Big-data driven can help bring real diversity to the workplace


“Looking at where you went to school is a proxy; you assume because someone went to a good school, they therefore must have the qualities you desire even though that’s not actually really true.” So says Dr. Vivienne Ming, Neuroscientist, Chief Scientist at Gild and co-founder of Socos during our nearly hour-long and wide-ranging chat about what big data can do. Dr. Ming is not saying is that education doesn’t matter. Rather, she is saying it is only one, and not the best, predictor of the success one will have in any given field. “It can be totally swamped out by other qualities like cultural factors, personality factors that we gather from the data, which is backed up by the research that Google has recently released that shows that after someone has been at the company for a year, their grades, the school they went to, the places they’ve worked, turn out not to be very informative anymore and instead it’s more these abstract qualities, qualities that I would call metacognitive or more commonly known as emotional intelligence. If we can identify those, and when someone possesses those qualities if you give them a chance, you give them the training and the right context to succeed, they will succeed.”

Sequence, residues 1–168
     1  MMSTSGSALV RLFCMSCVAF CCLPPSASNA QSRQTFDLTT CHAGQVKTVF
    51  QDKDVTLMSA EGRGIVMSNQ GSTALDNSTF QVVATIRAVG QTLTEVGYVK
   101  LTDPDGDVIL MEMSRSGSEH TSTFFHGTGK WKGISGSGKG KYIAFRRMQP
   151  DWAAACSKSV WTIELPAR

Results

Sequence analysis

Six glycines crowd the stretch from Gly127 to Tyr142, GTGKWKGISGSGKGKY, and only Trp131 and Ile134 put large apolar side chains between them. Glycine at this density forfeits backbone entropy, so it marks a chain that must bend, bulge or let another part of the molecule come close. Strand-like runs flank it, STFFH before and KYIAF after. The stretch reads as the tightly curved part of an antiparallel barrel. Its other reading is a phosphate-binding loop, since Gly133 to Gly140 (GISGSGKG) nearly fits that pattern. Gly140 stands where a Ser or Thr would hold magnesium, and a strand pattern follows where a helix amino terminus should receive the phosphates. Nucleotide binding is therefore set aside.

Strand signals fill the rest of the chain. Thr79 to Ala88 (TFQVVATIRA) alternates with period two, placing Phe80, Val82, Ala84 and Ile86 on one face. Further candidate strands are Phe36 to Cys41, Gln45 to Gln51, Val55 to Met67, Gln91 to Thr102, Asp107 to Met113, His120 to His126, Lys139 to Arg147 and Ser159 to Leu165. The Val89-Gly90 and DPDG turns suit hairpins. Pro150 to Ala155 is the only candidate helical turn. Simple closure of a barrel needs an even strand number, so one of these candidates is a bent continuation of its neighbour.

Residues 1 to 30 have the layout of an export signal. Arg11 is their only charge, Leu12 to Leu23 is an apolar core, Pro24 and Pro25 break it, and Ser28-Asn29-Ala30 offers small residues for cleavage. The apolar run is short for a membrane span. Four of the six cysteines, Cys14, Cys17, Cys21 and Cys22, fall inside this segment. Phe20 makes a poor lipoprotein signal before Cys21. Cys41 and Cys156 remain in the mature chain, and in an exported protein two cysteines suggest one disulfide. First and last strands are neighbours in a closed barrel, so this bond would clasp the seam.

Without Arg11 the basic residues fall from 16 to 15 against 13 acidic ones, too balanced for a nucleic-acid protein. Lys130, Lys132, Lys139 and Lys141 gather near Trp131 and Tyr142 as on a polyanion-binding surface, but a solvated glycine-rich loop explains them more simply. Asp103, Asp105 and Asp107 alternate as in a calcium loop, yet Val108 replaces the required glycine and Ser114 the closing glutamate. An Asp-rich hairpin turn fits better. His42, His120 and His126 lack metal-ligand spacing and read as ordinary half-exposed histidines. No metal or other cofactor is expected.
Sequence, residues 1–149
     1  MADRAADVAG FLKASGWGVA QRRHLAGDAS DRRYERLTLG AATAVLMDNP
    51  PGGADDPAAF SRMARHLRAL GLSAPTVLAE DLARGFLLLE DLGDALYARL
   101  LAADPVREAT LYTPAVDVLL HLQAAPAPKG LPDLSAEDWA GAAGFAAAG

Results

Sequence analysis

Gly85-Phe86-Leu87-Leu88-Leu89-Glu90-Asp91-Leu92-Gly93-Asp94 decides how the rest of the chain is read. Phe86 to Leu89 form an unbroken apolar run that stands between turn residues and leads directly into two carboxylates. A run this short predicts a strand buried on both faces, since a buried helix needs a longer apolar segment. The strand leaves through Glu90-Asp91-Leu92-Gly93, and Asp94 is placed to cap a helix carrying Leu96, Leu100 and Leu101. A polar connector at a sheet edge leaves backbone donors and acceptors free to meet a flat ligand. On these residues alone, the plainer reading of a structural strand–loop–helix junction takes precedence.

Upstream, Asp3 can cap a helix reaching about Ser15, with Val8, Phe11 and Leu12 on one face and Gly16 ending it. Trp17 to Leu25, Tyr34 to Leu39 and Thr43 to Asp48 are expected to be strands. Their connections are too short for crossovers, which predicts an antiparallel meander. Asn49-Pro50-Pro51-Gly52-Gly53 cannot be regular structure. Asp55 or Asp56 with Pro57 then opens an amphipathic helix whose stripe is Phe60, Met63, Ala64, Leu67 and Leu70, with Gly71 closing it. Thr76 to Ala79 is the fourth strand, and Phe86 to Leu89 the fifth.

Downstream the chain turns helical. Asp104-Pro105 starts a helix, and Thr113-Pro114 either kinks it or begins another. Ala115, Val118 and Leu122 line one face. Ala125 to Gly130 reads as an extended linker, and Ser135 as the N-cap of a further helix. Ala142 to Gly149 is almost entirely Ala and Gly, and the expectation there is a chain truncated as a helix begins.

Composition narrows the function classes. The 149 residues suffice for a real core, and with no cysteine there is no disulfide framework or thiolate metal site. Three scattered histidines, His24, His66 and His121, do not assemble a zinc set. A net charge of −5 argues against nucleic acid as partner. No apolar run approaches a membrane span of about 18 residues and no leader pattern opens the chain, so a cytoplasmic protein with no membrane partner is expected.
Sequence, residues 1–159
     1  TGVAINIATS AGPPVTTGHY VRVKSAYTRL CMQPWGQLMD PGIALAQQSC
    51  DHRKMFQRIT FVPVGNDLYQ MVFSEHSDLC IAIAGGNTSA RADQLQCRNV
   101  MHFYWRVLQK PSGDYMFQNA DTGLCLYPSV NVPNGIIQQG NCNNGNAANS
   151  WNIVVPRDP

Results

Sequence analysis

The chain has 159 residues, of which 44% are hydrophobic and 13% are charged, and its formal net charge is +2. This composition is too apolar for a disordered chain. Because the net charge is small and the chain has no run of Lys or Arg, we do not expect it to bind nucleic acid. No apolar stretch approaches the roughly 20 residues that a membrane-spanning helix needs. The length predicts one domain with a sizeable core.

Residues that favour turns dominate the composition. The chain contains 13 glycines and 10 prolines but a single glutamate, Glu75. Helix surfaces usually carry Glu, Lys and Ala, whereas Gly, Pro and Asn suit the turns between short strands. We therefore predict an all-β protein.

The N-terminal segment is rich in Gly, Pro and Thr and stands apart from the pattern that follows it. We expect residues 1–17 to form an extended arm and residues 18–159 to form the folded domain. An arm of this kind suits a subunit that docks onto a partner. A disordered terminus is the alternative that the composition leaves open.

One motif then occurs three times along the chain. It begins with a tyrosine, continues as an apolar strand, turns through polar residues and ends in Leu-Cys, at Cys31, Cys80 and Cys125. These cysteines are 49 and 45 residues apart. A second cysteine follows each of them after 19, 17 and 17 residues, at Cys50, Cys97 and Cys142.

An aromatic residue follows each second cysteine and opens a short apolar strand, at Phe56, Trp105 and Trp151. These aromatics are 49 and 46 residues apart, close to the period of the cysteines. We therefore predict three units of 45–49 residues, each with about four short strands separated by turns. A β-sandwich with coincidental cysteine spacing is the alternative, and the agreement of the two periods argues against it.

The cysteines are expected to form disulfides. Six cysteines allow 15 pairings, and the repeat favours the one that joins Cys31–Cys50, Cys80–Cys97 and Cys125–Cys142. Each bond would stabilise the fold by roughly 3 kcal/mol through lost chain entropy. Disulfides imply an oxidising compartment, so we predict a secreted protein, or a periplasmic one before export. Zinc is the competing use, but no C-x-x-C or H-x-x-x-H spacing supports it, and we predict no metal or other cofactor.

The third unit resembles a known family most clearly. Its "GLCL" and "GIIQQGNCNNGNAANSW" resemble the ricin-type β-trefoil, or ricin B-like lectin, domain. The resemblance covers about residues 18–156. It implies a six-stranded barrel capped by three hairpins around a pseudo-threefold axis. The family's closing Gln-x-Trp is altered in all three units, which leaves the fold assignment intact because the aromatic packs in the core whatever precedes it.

Dr. Ming’s assertion is not just some abstract research theory from a Silicon Valley intellectual. Rather, it is the first wave of a practical use of big-data-driven algorithms to uncover systematically excluded talented people from technology to retail, and match them to companies that can benefit from their skills and knowledge. Dr. Ming’s interest in addressing exclusion and finding ways to foster meaningful inclusion of hidden and ignored talent is both personal and professional. Dr. Ming began life as Evan Smith – a brilliant but unhappy young man who knew that who and what the world saw him as was not who he was. After meeting the love of his life, Norma Ming, and then undergoing gender re-assignment surgery, Evan became Vivienne and unleashed the latent human potential that had been inside her all along. Dr. Ming says she went from being unhappy and unable to focus or celebrate her successes to a person who can now say: “I am a better person, and I feel the world is better by me being who I am now. I think if you look at what I’ve done with my life since then and today I’m a happy person, you know, I can appreciate what I’ve done.” And what she’s done is fundamentally changed how the tech industry assesses, finds and cultivates talent and now she’s poised to bring that process to the entire workforce. more…

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